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Attitude as a Function of Marketing for Farmers and Ranchers

by Charles H. Rust
Revised 2/96

Keywords: Marketing, systems, skills, management, marketing objectives, price, profit, cash flow, risk, marketing plan, attitude


Marketing of grain and livestock is an indispensable part of the farm and ranch business in Montana and must be dealt with daily. Successful marketing is as much a function of attitude as it is of skill. A positive attitude toward marketing grain and livestock will help build enthusiasm and allow the time needed to develop new skills and set realistic marketing objectives.

Most would agree that marketing is one of the most difficult and frustrating challenges facing farmers and ranchers. It is frustrating because there are unanticipated forces such as weather changes or government action that can quickly drive prices upward or downward.

For the marketer who has a positive attitude and realistic objectives, fluctuating markets provide opportunities, but for others they can be frustrating. Grain and livestock marketing systems are highly complex. Prices are affected by actions and events at all levels of the system.

Attitude Factors

Important attitude factors for successful marketing are:

  1. Know what you can and cannot do. Some argue that successful marketing is more a function of luck than skill and they can't do anything about it. Other producers believe they can and should learn to anticipate most major market moves. Thus a key to successful marketing is to determine what you can do and what you cannot do.
  2. Enjoy marketing. If you enjoy marketing, you will likely be reasonably successful at it. People usually do well at the things they enjoy. If you do not enjoy marketing, you likely will have very limited success regardless of your skills.
  3. Learn new skills. To be a successful marketer a person must be willing to learn new skills, whether it is understanding and using chart formations or understanding the use of option markets. A successful marketer must learn new skills and sharpen old ones.
  4. Develop an integrated and balanced management approach to your business. Marketing is not practiced in a vacuum independent of the rest of the farm business decisions. Marketing decisions must be judged by the impact they will have on the financial aspects of the farm business. Time and effort spent on marketing must be balanced with the needs of the rest of the business.
Marketing Objectives

Marketing objectives usually reflect the attitude of the producer. Some marketing objectives commonly considered to be important by many producers are:

  1. Selling at the highest price of the year. This goal may be rather unrealistic-trying to predict future price movements is difficult at best.
  2. Selling above the average price. This may seem like an easy goal for the aggressive marketer, but for others it is not. However, bear in mind that selling at a price above average will not guarantee a profit.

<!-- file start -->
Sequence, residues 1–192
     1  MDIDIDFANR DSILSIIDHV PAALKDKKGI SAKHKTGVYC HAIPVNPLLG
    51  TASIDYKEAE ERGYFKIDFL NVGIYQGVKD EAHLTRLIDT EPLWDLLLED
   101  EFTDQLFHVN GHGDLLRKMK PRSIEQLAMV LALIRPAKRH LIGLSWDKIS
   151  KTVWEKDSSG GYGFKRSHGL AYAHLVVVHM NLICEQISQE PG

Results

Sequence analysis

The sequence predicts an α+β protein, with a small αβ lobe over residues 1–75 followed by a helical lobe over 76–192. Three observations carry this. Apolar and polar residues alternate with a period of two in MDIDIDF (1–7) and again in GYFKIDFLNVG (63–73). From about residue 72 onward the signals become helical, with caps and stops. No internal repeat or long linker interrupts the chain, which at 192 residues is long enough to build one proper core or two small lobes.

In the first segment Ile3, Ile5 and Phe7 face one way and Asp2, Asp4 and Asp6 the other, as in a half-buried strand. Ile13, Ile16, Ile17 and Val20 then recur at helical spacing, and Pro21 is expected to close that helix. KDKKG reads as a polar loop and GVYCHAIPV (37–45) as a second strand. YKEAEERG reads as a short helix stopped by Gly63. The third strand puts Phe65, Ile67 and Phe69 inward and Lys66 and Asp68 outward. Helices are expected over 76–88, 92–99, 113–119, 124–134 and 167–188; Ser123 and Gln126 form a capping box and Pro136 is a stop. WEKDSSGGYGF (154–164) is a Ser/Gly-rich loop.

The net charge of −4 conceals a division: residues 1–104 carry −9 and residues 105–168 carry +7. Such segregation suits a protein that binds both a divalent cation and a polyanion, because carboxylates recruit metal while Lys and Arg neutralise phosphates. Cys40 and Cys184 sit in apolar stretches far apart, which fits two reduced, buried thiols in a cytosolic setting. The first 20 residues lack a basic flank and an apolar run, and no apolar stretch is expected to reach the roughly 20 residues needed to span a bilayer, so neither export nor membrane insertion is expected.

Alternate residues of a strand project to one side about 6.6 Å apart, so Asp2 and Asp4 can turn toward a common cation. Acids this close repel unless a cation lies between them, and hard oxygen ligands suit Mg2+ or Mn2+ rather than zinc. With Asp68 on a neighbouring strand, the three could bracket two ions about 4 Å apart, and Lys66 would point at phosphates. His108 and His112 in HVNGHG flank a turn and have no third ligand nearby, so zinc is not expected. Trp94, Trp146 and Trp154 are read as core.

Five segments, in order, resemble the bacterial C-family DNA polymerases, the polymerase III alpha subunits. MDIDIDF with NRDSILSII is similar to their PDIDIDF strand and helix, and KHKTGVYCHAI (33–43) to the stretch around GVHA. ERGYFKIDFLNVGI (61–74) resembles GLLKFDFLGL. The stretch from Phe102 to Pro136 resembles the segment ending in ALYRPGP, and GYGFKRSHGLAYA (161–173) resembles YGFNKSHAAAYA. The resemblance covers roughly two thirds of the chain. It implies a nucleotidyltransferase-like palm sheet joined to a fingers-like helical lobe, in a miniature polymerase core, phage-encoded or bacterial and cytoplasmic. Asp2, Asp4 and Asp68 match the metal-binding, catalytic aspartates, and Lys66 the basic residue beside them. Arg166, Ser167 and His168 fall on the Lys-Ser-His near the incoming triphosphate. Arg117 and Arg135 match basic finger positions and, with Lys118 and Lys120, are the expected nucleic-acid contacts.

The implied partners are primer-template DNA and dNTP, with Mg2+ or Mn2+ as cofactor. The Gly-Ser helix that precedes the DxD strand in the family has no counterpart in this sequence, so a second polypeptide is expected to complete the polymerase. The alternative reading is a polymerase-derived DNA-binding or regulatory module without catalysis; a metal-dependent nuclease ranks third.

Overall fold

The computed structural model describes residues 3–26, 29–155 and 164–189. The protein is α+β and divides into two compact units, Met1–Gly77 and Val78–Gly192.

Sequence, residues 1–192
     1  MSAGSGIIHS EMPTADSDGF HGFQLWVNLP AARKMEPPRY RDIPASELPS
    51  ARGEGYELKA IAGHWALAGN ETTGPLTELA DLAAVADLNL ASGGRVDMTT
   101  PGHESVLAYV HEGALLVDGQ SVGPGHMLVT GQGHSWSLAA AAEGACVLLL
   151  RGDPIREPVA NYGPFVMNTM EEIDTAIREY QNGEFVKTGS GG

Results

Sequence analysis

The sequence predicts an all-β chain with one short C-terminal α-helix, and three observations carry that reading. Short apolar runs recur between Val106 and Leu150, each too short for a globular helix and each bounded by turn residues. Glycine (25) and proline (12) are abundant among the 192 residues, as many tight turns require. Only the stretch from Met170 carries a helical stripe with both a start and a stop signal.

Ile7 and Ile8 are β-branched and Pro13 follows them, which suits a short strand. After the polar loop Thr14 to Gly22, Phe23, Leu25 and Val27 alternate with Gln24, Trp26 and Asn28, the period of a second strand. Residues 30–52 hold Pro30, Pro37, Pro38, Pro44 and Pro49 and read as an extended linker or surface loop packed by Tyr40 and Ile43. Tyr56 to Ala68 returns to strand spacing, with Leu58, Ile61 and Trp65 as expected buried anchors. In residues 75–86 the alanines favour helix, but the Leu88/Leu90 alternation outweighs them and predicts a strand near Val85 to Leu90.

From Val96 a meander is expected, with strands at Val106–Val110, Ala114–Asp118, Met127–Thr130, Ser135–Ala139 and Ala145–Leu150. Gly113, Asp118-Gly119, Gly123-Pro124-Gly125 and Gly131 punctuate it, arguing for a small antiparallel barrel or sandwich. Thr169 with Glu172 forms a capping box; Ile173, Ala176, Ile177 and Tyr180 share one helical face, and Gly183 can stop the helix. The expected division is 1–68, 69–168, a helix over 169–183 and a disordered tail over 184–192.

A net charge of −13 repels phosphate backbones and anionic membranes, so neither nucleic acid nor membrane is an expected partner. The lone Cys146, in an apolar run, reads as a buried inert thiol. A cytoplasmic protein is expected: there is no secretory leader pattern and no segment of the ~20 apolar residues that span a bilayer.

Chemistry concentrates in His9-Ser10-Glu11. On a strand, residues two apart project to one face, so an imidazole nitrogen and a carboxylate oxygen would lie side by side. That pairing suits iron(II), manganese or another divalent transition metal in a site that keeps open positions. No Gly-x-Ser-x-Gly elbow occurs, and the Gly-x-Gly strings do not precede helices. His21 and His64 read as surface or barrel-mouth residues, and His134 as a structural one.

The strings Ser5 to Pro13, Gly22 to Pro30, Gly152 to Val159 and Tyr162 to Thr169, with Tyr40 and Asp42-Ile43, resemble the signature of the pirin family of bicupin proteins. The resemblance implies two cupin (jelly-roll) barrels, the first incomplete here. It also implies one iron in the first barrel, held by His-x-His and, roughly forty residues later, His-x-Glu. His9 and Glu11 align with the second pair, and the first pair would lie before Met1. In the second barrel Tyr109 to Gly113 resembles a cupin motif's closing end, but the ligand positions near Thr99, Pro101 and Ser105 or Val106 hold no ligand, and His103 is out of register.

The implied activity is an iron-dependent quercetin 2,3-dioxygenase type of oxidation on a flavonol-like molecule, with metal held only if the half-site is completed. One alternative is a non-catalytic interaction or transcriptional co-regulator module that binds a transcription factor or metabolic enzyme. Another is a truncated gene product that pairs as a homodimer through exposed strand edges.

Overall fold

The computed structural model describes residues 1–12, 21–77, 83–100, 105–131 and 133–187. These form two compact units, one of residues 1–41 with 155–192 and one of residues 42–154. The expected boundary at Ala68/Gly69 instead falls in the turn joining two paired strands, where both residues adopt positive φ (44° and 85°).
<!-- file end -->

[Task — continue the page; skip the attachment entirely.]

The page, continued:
3. Making a profit. This is the goal of almost every producer. To do this you need to calculate potential profit levels from various sale prices. If you don't calculate your potential profit level, selling at a seemingly good price may actually result in a loss.
  4. Selling to meet cash flow needs. Although cash flow needs should not dominate your marketing program, they cannot be ignored. Try to manage your cash flow needs in such a way that it helps and does not hinder your marketing program.
  5. Minimizing risk. Price risk is of special concern to farmers who are highly leveraged financially. In marketing, managing risk essentially means not losing sight of the financial consequences of a sale.

Obviously, a successful marketing program embodies more than one of the goals or objectives listed; it may involve several. Farmers and ranchers must develop the proper mix of goals to suit their individual situations. After the goals have been determined, a marketing plan can be developed to achieve the goals. The marketing plan will likely be different for each farm or ranch and it will incorporate the various production, financial, and marketing skills of the operator and his/her family. Occasionally the operator will set the objectives and then contract with someone else to assist in developing a marketing plan.

To develop an effective approach to marketing, the owner/operator must keep a positive attitude toward marketing and know what he/she can and cannot do. Then the owner/operator must develop the skills and strategies that will best fit the farm or ranch operation.

Charles H. Rust is a member of the Western Extension Marketing Committee and an Extension Marketing Specialist at Montana State University.

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